The rise in flexible and remote working is driving managers to seek new ways to keep track of their teams. For some, it’s about keeping work visible and balancing resources; for others, it’s about measuring employee productivity, monitoring overtime, and gauging performance.
But when seeking software solutions to these problems, managers inevitably run into the dark world of employee monitoring. It’s made up of invasive surveillance systems that use dystopian methods to monitor all kinds of employee activity. Built on suspicion and distrust, many are even designed so employees can’t trace them.
There certainly is an ethical way to obtain relevant employee data, but it requires managers to go beyond good intentions and choose software that benefits, protects, and hands control to employees. Here’s what to watch out for in your research.
Big Brother employee monitoring software
First, a hard truth: the majority of employee monitoring software is unethical. That is, tools use draconian methods to obtain employee data and the kinds of data they capture go well beyond an innocent interest in performance oversight. Here are a few tell-tale signs of totalitarian employee monitoring systems.
A lot of employee monitoring software immediately betray their inbuilt prejudice against employees from the language used on their websites. They pedal the classic “selfish, lazy worker” trope, using a guilty-until-proven-innocent approach to justify the use of spyware. Many adopt the “company security” angle to justify an astounding invasion of employee privacy. It’s capitalism at its most paranoid, a law unto itself.
Here are a handful of examples – taken from the first Google results page for “employee monitoring software” – to illustrate:
Using employee data responsibly starts with only collecting what is pertinent in the first place. But many employee monitoring tools go well beyond legitimate, reasonable interests to capture an absurd level of employee activity. This can include:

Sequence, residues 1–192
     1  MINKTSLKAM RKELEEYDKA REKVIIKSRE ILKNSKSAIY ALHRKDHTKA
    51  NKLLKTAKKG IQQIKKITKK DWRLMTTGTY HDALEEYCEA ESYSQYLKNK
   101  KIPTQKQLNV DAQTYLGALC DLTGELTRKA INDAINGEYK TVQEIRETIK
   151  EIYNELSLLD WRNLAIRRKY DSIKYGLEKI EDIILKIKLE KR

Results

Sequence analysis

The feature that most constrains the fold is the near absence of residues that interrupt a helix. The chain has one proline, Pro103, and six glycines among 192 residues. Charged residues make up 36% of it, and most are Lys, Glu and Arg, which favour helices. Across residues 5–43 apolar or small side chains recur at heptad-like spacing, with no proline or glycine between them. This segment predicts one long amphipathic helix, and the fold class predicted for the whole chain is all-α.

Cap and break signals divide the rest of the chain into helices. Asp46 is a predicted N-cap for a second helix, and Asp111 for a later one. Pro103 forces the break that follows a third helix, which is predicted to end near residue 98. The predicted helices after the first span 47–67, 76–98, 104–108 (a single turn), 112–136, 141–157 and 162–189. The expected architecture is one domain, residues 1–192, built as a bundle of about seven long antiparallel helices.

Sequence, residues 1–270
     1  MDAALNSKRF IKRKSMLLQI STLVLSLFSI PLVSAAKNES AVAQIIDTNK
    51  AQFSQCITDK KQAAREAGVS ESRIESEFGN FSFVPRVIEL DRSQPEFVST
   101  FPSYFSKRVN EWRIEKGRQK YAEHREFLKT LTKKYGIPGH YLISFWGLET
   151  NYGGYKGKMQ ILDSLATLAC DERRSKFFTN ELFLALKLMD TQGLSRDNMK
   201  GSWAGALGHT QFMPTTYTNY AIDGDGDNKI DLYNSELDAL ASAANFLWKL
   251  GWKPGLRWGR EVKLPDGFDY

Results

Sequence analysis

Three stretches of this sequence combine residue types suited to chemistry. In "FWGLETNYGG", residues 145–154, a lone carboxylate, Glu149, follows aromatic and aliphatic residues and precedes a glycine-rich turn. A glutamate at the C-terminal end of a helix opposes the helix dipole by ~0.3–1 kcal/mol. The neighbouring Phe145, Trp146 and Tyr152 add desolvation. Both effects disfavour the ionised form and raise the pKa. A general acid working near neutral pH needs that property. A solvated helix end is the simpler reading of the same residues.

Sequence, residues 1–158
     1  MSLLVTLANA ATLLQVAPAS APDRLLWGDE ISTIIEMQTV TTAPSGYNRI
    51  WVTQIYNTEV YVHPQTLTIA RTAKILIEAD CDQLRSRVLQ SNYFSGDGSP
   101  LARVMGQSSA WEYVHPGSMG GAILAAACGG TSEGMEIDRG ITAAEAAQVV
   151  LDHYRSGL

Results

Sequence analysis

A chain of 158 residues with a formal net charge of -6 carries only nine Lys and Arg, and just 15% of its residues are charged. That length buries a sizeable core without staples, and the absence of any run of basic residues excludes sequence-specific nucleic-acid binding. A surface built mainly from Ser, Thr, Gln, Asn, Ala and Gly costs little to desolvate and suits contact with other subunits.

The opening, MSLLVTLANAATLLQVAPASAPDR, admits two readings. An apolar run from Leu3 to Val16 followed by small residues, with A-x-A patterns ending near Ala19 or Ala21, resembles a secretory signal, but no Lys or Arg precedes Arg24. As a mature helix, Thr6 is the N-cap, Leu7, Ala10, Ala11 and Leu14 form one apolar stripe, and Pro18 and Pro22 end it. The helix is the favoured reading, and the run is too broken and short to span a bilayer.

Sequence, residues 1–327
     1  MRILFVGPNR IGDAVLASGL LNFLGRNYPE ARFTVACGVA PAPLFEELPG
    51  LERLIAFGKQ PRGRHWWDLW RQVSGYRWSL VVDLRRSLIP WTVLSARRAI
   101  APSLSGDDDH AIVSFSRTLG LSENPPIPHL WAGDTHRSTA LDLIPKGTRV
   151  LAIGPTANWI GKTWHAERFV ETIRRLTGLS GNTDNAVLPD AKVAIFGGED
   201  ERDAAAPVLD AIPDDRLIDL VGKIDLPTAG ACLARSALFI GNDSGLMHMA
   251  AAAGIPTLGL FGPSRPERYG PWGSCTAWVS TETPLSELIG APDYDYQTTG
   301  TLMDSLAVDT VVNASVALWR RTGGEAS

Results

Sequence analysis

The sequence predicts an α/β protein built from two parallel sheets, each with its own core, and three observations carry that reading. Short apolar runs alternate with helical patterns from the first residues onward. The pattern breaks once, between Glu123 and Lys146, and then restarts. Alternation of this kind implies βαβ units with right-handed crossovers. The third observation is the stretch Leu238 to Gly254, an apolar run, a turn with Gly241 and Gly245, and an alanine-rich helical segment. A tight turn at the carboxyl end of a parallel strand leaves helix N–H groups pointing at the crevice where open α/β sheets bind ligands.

- Monitoring all employee internet activity
- Parsing email messages, chats and instant messages
- Tracking keystrokes and mouse movements
- Logging clipboard activities, printing, online searches and downloads
- Taking regular screenshots or recording screen activity
- Offering employers remote control of employee devices
- Accessing employees’ webcams remotely to view surroundings
- Geo-tagging to see where employees are working
Absence of transparency
While employers in Europe are required to tell employees if they are being monitored, in the US there is no such requirement. In fact, only three states have passed bills allowing employees to deny their employers access to their personal Facebook pages. As such, many employee monitoring tools are purposely designed to be incognito, often hidden from “Running Processes” so employees don’t know they’re being watched.
Can employee monitoring software be ethical?
Monitoring of any kind understandably makes people uneasy, but in a workplace context it can spark employee anxiety and stress, crush creativity, lower job satisfaction, and ultimately kill company culture.
When we feel our privacy isn’t respected and we aren’t trusted to do our job, we naturally lose faith in our employer. In stark contrast, when we feel trusted, we produce higher-quality work, experience less stress and enjoy our work more.
However, there is a way to balance employee oversight with trust. Employee monitoring can be ethical when it satisfies these three main points:
- It leads with transparency – workers know what data is captured and how it will be used.
- It offers employees clear benefits – employees consent to sharing that data and understand how doing so will benefit them.
- It protects employee agency – employees maintain full control over their own privacy, ensuring only relevant data is shared with their employers and colleagues.
Keep teams visible without destroying trust
We know not all managers have bad intentions; some legitimately want to use employee monitoring for empowering, practical reasons.
As a remote team ourselves, we know first-hand how difficult it can be to unify a group of people across the globe—ensuring all work stays visible, making sure billable hours are accurately represented, and allocating resources to where they’re most needed. On a more human level, we know it’s ridiculously hard to support someone you never see in person—making sure they have a manageable workload and aren’t headed for burnout.
But we also know trust is central to every team. It’s why we’ve built a time tracking tool that helps keep teams visible without undermining their privacy and professional dignity. Crucially, it actually serves the interests of employees and operates using a model of active employee consent. In a nutshell, here’s how DeskTrack works:
- Only relevant data is captured – DeskTrack only records time spent in desktop and web activity, which allows employees to report on their work and hours; it doesn’t record the content of those apps or take any creepy screenshots.
- Data stays private to employees – DeskTrack records an employee’s data to a private timeline only they can access; no manager or colleague can pry into their activity.
- Employees control what data is shared – DeskTrack lets employees choose what information is publically shared with their teams, ensuring personal or irrelevant data stays private.